Since the shift to electronic health records (EHRs) in the United States accelerated a decade ago, the day-to-day impact on doctors is staggering. To keep records current and useful, physicians have to ensure all records of patient interactions get recorded, meaning that a large chunk of their day is spent staring at a screen rather than taking care of their patients. Recent studies show that doctors may spend as much as half of their work day filling out the records of their interactions with patients.
“In an ideal world, physicians would just interact with patients,” Saykara founder and CEO Harjinder Sandhu told Forbes. “That’s what they want to do. They don’t want to type notes.”
His Seattle-based company’s solution is an app that records a doctor’s interactions with patients, using AI and machine learning to hone in on key points of the doctor’s side of the conversation and appropriately document on the EHR, leaving the doctor free to focus on the patient. A new update to Saykara software now passively records in office without requiring activation, making operation even easier for doctors, who previously had to start recordings manually.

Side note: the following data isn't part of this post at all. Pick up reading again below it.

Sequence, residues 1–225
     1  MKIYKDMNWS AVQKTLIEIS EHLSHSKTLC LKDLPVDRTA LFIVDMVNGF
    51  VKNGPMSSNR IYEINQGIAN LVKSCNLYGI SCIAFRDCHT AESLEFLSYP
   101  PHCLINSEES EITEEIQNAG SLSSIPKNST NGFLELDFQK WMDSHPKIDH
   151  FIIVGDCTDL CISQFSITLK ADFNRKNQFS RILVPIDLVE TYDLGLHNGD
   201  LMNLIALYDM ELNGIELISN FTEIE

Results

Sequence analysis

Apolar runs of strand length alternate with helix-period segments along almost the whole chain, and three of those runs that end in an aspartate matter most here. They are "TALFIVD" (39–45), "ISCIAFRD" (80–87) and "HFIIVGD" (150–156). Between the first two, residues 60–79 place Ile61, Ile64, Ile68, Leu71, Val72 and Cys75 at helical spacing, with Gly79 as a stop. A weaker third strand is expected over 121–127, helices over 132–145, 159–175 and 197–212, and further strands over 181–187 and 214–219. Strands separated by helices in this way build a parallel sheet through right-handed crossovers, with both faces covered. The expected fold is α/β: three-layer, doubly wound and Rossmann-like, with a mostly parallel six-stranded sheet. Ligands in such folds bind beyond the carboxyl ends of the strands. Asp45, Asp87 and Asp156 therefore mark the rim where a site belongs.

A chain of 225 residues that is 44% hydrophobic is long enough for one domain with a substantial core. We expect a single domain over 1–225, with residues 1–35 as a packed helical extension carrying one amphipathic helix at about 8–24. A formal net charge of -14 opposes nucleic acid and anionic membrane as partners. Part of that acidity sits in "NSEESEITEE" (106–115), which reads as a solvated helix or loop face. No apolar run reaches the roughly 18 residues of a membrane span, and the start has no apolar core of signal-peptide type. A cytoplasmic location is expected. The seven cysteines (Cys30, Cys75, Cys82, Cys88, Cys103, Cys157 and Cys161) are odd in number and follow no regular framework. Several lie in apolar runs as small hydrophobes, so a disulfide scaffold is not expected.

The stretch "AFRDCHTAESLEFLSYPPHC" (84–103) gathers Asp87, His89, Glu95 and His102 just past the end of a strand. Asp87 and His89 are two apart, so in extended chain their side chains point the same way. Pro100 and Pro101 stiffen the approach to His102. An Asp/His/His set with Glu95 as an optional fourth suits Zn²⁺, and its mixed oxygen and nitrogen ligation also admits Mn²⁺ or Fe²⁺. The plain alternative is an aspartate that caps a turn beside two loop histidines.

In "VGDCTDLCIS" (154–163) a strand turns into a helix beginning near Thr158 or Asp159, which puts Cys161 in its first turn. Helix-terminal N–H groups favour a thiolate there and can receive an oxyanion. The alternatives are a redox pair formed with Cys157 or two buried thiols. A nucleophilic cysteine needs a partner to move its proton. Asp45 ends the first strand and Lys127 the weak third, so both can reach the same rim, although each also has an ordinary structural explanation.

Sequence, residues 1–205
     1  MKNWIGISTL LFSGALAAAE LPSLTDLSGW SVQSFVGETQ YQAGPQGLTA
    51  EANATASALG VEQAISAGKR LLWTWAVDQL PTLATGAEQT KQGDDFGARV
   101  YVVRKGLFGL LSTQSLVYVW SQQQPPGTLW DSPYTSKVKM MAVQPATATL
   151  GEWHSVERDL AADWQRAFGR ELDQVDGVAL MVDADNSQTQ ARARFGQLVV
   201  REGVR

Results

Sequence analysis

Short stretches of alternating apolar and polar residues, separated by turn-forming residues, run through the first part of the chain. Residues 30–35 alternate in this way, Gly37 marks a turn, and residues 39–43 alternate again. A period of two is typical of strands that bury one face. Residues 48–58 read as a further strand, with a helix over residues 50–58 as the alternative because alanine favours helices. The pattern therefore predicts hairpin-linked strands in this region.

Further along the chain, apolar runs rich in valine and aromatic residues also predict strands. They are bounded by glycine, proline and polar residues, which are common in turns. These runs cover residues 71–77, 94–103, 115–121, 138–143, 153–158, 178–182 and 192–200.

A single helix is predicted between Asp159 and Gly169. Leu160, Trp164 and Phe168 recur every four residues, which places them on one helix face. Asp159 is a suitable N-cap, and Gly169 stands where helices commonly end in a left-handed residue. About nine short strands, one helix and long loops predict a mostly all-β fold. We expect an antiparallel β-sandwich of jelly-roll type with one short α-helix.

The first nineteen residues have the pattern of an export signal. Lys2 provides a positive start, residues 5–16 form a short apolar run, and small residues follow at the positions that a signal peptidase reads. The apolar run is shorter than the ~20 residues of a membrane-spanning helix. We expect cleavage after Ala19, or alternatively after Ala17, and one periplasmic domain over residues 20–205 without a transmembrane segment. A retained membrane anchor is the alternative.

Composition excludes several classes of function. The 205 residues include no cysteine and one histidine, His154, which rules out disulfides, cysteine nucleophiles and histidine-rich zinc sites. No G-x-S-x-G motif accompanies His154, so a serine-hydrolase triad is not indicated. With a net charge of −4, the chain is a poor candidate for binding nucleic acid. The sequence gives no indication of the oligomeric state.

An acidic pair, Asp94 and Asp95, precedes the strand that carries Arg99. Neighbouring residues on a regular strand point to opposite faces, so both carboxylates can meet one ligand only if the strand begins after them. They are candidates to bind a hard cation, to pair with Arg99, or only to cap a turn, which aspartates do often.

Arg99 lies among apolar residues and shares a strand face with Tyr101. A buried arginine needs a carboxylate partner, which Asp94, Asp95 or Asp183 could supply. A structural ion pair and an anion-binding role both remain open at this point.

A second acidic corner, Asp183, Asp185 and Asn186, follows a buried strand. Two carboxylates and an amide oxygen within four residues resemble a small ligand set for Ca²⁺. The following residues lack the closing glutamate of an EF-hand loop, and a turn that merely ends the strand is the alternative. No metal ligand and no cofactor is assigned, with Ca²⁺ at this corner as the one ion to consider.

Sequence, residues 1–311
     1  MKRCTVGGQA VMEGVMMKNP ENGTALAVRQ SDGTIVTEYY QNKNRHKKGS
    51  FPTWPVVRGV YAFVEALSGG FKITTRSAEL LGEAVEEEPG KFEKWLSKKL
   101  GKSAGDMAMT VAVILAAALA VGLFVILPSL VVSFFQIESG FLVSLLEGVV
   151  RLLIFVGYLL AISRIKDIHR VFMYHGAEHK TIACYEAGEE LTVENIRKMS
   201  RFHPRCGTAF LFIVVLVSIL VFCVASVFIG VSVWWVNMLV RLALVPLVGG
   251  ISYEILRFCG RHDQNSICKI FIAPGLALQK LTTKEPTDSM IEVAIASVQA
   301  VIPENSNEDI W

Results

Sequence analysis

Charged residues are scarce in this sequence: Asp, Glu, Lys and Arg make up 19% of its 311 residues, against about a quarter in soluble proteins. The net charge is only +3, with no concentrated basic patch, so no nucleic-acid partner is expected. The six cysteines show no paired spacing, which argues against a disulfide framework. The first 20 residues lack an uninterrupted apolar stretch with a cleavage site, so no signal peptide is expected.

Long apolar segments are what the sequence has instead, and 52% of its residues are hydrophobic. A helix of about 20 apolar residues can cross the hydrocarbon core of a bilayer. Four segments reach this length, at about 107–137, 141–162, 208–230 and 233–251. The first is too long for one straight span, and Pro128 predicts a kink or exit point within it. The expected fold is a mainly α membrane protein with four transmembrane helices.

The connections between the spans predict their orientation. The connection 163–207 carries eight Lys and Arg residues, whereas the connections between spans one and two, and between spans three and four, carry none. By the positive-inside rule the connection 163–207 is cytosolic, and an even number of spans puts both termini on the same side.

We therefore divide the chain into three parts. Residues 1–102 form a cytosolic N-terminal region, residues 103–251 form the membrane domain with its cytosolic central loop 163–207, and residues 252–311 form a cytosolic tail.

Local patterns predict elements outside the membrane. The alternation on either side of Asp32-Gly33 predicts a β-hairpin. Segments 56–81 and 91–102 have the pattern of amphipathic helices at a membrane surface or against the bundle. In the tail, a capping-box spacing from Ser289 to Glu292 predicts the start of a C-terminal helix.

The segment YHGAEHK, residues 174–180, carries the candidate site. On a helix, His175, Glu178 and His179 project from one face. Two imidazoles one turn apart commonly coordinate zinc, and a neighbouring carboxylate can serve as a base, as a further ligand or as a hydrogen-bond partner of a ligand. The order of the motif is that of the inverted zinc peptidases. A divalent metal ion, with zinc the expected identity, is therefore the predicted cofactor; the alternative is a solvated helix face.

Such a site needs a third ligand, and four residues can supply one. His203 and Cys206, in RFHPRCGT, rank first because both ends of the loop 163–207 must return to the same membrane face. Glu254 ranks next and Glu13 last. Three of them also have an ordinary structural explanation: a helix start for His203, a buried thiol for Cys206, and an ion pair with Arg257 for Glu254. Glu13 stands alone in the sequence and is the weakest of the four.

Sandhu is a serial entrepreneur who successfully launched three companies operating at the intersection of health care and voice recognition software. The former York University computer science professor launched MedRemote, a physician transcription software company, in 2000. Following its acquisition by Nuance Communications in 2005, Sandhu stayed with the company for six more years before cofounding Twistle, which helps doctors automate follow-up patient care. Saykara, launched in 2015, seems a logical next step in advancing healthcare-based software.
“A lot of physicians don’t like to spend time at the screen while their with their patients,” he says. “So they end up doing all their documentation in the evenings – so much time working leads to burnout.”
Sandhu’s goal for Saykara is ambitious – to create a completely seamless experience in which the sophisticated software extracts the relevant information from doctor-patient conversations without getting derailed by tangents. In the short-term, Saykara focuses on the voice of physicians as they actively listen to symptoms and repeat them back to their patients. Doctors must review each patient interaction transcribed by Saykara to ensure it’s accurate but even then, the company claims it’s reducing the time spent entering notes by as much as 70%.
This has allowed some of its customers to take on new patients, Sandhou says, and others to get their personal lives back. “One physician said he read a book for the first time in about four years since he now had his evenings free,” he told Forbes.
Saykara has believers, having raised $7.53 million from the likes of SpringRock Ventures, Elevate Innovation Partners and Madrona Venture Group, according to Pitchbock. Customers include Providence Health Care, MultiCare and others.
“We’re actually making a really big difference for physicians,” Sandhu said. “This is a really exciting field right now.”